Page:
ITF Taekwondo Patterns
This page provides free video and/or written instructions for ITF Taekwondo patterns 1 through 24. You will need to learn all of these Taekwondo patterns in order to pass your color belt and black belt tests at International Taekwondo Federation (ITF) schools.
Students are also frequently tested on the meaning of each ITF pattern. Therefore, you should visit the Black Belt Wiki section focused on meaning of ITF patterns in order to prep for a belt test.
If you are looking for WTF Taekwondo forms (i.e. Taegeuk Il-Jang), please go to the Black Belt Wiki section on WTF Taekwondo Forms.
Amazon – ITF Taekwondo Books
ITF Taekwondo Preparatory Exercises – These exercises are often used in order to prepare beginning students for the traditional ITF patterns (i.e. Chon-Ji).
- ITF Taekwondo Pattern Saju Makgi – Four direction block
- ITF Taekwondo Pattern Saju Jirugi – Four direction punch
- ITF Taekwondo Pattern Saju Tulgi – Four direction thrust (less commonly used)
ITF Taekwondo Patterns – The patterns below include free video and/or written step-by-step instructions.
- ITF Taekwondo Pattern 1 – Chon-Ji
- ITF Taekwondo Pattern 2 – Dan-Gun
- ITF Taekwondo Pattern 3 – Do-San
- ITF Taekwondo Pattern 4 – Won-Hyo
- ITF Taekwondo Pattern 5 – Yul-Gok
- ITF Taekwondo Pattern 6 – Joong-Gun
- ITF Taekwondo Pattern 7 – Toi-Gye
- ITF Taekwondo Pattern 8 – Hwa-Rang
- ITF Taekwondo Pattern 9 – Choong-Moo
- ITF Taekwondo Pattern 10 – Kwang-Gae
- ITF Taekwondo Pattern 11 – Po-Eun
- ITF Taekwondo Pattern 12 – Gae-Baek
- ITF Taekwondo Pattern 13 – Eui-Am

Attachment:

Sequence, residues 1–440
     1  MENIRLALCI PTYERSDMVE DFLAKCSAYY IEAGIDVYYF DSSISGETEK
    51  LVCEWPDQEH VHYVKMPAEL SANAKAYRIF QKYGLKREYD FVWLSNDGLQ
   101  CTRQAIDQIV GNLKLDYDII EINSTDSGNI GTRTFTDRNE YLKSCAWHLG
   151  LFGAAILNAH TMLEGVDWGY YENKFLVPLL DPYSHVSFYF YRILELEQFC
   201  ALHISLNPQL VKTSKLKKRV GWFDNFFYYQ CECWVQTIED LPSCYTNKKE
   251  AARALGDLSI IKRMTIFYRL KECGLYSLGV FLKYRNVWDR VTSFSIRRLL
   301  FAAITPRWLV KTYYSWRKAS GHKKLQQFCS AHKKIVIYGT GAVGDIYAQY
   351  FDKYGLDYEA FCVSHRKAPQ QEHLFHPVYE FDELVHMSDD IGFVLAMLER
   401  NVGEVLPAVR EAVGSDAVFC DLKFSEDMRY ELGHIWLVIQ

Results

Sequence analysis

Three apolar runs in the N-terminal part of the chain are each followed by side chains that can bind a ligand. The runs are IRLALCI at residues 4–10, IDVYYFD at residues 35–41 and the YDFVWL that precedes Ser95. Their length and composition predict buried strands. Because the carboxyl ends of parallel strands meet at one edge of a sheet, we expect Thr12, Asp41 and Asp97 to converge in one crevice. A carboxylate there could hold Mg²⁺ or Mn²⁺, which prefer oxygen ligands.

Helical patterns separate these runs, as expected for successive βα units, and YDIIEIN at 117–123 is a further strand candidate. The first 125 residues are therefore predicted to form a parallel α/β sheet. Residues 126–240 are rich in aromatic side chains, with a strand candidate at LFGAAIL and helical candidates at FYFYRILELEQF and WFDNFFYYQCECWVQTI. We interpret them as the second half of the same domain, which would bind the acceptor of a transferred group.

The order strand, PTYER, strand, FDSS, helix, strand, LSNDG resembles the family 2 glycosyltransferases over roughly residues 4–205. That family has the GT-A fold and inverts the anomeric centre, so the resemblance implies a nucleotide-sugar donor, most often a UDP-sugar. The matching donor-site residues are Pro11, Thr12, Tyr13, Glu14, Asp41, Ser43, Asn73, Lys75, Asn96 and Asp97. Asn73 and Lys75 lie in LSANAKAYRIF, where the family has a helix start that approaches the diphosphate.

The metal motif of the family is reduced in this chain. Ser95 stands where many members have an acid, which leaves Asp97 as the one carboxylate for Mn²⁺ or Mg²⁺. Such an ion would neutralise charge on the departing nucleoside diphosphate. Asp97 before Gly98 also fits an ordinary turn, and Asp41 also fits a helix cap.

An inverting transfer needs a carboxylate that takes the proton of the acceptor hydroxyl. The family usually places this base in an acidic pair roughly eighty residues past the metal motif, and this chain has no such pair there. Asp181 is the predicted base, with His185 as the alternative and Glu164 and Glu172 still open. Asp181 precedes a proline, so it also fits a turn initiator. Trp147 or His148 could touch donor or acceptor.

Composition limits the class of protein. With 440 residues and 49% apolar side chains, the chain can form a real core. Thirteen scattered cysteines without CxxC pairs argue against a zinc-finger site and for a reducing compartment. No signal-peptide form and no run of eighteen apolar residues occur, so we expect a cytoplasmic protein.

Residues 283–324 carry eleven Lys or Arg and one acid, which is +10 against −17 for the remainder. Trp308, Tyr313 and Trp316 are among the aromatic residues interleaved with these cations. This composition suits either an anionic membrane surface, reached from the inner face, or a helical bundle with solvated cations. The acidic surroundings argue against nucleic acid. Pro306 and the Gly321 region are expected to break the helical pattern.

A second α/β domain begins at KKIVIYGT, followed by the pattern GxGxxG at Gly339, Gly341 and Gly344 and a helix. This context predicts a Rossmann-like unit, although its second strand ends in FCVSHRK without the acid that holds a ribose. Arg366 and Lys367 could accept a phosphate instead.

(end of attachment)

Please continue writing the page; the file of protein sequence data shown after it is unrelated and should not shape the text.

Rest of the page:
- ITF Taekwondo Pattern 14 – Choong-Jang
- ITF Taekwondo Pattern 15 – Juche
- ITF Taekwondo Pattern 16 – Sam-Il
- ITF Taekwondo Pattern 17 – Yoo-Sin
- ITF Taekwondo Pattern 18 – Choi-Yong
- ITF Taekwondo Pattern 19 – Yong-Gae
- ITF Taekwondo Pattern 20 – Ul-Ji
- ITF Taekwondo Pattern 21 – Moon-Moo
- ITF Taekwondo Pattern 22 – So-San
- ITF Taekwondo Pattern 23 – Se-Jong
- ITF Taekwondo Pattern 24 – Tong-Il
Reasons to Learn Taekwondo Patterns
Taekwondo patterns are also known as forms, teul, tul, poomse, poomsae, hyeong, hyung, etc. In Karate, this technique is known as kata. Taekwondo patterns are used to practice techniques (i.e. kicking combinations) as well as for improving strength & conditioning, balance, focus/concentration, etc.
To master Taekwondo patterns, martial arts students should try to imagine that they are fighting an imaginary opponent. This allows students to practice “offensive” and “defensive” techniques (i.e. strike the imaginary opponent’s neck at the correct height and angle) versus just going through the motions in order to pass a belt test.
History of ITF Taekwondo Patterns
According to the International Taekwon-do Federation, “General Choi developed twenty-four Taekwon-Do patterns. He chose the number 24 to correspond to the 24 hours in the day, a continuously repeated cycle that represents eternity. He named each pattern (except Chon-Ji) after important people in Korean history, as a reminder of the importance of honoring and cultivating respect for those who have accomplished great things. For certain patterns, the shape of the diagram and the total number of movements representing the pattern are also significant. A Taekwon-Do pattern is a choreographed sequence of fundamental movements in an imaginary fight against one attacker or several. The execution of the movements requires the application of the Theory of Power. Correct breathing generates internal energy, which increases power”.
Instructional Video for ITF Taekwondo Pattern – Chon-Ji
Demonstration Video of ITF Taekwondo Pattern 1 (Chon-Ji)
- TaekwondoAnimals.com, ITF Patterns, http://www.taekwondoanimals.com/taekwondo-ITF-forms.asp
- International Taekwon-do Federation, About ITF Taekwon-do, http://www.tkd-itf.org/about-us/about-itf-taekwon-do/overview-of-itf-taekwon-do